The Lesson from Cinderella
From the beginning of the Disney movie “Cinderella”, Ella carries the truth that she is loved everywhere she goes. The support, joy and love that was bestowed upon her by her parents helps her believe that she was a princess and worthy of great love. Her mother and father demonstrate exemplary love for little Ella and the touching dance scene between Ella and her father show the truth within every little girl’s heart: the desire to be treasured. Her father knew Ella’s capacity for love, her beauty and worth, and that is why Ella knew her worth because she was taught to be kind and courageous from her parents.
Ella knows suffering at a young age with the loss of her parents but her pain turned into memory over time and it fueled her desire to fully love others. She remembered her promise to her mother to stay kind and courageous and Ella uses that promise to influence her future life choices. Even though she is an orphan, she does not dwell on the loss nor on her great loneliness and sorrow. She keeps herself productive and busy and her zest for life drew people (and animals) to her. She quickly learns to seek beauty in the small mundane moments and the little joys. She attains the cruel nickname “Cinderella” by her mean stepsisters and stepmother. Names have power and Ella is not stone; she is greatly wounded by their cruelty but doesn’t allow them to steal her joy. She uses their insults and meanness to motivate herself to pursue a better life. Her stepmother is envious of Ella’s beauty and goodness and tries to make Ella’s life miserable. Even though her step mother treats her with terrible disregard, she learns the gift and freedom that forgiveness brings. She is set free from the bitterness and pain that was inflicted upon her by her stepmother and stepsisters. Forgiving someone who hurts you takes great courage and strong will. It doesn’t make you weaker but it frees you from the burden.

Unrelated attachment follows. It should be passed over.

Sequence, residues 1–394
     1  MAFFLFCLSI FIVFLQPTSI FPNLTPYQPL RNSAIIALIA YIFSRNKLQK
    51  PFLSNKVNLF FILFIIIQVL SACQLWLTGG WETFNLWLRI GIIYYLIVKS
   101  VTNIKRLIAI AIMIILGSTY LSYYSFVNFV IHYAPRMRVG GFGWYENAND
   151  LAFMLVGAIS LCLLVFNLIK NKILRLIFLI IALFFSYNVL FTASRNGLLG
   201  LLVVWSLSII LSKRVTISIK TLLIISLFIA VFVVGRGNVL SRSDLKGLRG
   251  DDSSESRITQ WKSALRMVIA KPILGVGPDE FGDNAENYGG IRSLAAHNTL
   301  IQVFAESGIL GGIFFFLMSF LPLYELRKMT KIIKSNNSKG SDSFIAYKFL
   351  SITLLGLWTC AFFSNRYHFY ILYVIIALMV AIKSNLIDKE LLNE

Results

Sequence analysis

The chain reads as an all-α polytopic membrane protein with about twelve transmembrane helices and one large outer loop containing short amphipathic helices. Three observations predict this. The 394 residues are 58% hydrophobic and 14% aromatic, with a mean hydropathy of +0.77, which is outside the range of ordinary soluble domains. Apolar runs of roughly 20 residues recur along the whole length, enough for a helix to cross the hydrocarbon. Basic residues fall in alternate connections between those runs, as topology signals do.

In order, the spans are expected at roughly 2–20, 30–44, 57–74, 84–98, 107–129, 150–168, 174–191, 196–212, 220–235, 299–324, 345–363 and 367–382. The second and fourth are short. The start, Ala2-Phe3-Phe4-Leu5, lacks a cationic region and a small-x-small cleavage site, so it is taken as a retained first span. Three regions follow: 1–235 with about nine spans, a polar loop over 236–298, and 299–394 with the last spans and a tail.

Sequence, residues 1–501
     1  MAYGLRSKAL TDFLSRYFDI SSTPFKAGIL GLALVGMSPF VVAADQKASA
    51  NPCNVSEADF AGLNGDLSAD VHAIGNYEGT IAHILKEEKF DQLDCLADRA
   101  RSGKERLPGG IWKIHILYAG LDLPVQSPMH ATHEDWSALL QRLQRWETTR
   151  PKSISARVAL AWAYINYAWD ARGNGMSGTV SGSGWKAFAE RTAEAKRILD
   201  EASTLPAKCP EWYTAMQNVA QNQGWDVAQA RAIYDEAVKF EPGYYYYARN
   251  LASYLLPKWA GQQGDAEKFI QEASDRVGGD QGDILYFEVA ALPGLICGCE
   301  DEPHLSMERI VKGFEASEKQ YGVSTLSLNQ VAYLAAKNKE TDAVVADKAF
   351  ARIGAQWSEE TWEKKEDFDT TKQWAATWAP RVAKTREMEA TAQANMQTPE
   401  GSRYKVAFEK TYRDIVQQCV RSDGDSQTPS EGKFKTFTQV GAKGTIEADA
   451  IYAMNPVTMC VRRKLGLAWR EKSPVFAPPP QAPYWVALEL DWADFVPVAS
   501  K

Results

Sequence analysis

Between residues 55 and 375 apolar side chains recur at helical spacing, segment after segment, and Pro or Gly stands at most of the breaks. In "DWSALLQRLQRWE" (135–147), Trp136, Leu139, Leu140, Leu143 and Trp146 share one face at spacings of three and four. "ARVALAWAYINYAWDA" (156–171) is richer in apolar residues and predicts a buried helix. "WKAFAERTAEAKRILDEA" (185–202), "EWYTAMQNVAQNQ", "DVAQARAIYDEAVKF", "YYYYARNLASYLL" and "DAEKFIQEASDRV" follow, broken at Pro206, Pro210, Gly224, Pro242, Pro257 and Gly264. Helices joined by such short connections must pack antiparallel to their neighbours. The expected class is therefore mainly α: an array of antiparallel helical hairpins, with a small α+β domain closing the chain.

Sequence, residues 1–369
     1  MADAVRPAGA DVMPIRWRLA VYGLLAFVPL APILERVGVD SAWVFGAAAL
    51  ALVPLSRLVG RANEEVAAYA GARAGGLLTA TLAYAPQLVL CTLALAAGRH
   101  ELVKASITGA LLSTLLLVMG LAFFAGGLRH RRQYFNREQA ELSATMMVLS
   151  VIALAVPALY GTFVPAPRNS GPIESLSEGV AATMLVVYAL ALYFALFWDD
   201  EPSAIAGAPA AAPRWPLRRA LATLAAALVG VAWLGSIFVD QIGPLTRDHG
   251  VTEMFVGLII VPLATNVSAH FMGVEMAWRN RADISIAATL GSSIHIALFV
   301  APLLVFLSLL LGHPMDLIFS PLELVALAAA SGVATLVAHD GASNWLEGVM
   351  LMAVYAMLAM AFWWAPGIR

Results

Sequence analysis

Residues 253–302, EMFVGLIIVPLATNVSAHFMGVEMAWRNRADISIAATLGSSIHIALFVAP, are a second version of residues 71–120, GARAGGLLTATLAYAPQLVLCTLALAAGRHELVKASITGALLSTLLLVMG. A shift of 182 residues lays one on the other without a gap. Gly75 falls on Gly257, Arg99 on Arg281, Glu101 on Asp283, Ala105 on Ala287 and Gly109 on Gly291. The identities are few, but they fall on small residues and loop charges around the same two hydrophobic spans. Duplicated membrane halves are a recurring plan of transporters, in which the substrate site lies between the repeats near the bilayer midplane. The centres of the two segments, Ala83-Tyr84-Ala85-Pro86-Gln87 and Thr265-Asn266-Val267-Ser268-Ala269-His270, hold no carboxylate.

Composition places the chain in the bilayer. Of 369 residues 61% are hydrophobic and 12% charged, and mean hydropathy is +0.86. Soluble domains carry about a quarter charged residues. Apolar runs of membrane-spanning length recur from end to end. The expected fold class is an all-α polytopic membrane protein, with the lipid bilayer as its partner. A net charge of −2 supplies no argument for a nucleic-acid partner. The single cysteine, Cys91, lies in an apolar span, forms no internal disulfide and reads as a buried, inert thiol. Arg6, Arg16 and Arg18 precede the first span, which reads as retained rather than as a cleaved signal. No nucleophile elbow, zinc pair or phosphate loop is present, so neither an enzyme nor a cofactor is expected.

Ella teaches us that kindness and love are not bought but are free. She feels love and loss more deeply than any of the other characters. When Ella meets the prince, he is inspired by her goodness, sincerity and concern for others. He knows that her character and virtue is rare, we too must strive to be an anomaly against the crowd of apathy and relativism. Let your life’s work and witness attract others to you instead of your adornment and physical appearance. Cinderella evokes an ideal woman as she is more than her beauty, she is good and displays it through her kindness, patience and love for those who make her life miserable.
When Ella meets the prince, she doesn’t love him for his power and his occupation, but she loves him for his character and kindness. Love is given with no expectation of return and transcends the gushy feelings. The act of love becomes a choice of bearing one’s soul to another with the risk of being exposed as vulnerable or weak. When Ella meets her prince with disheveled hair and a dirty dress, the narrator says “The greatest risk is to be seen as we truly are”. How true! Let us think about this question: Who am I without my makeup, riches, business, wardrobe and façade? Let us aim for authenticity, ladies. Being perfect is not real but being beautifully flawed is as real as it gets. The prince searches all the land for Ella and when she tries on the glass slipper and it fits, he knows she’s the one he’s been waiting for. The prince and Ella better each others characters and are willing to suffer with each other and love each other with all that they have. They both experience loss and turn their pain into beauty. In this union, they reflect the love God has for us and His desire to be united with us in Heaven! Ella and the prince are represented as picture-perfect models of great love but you are also worthy and made for great love! Let a man pursue you and take you as you are, with earnest and noble intentions to guard your heart and lead you to holiness. Check out the movie, it’s beautifully done AND if you are a Downton Abbey fan, you will be happy to see some familiar faces.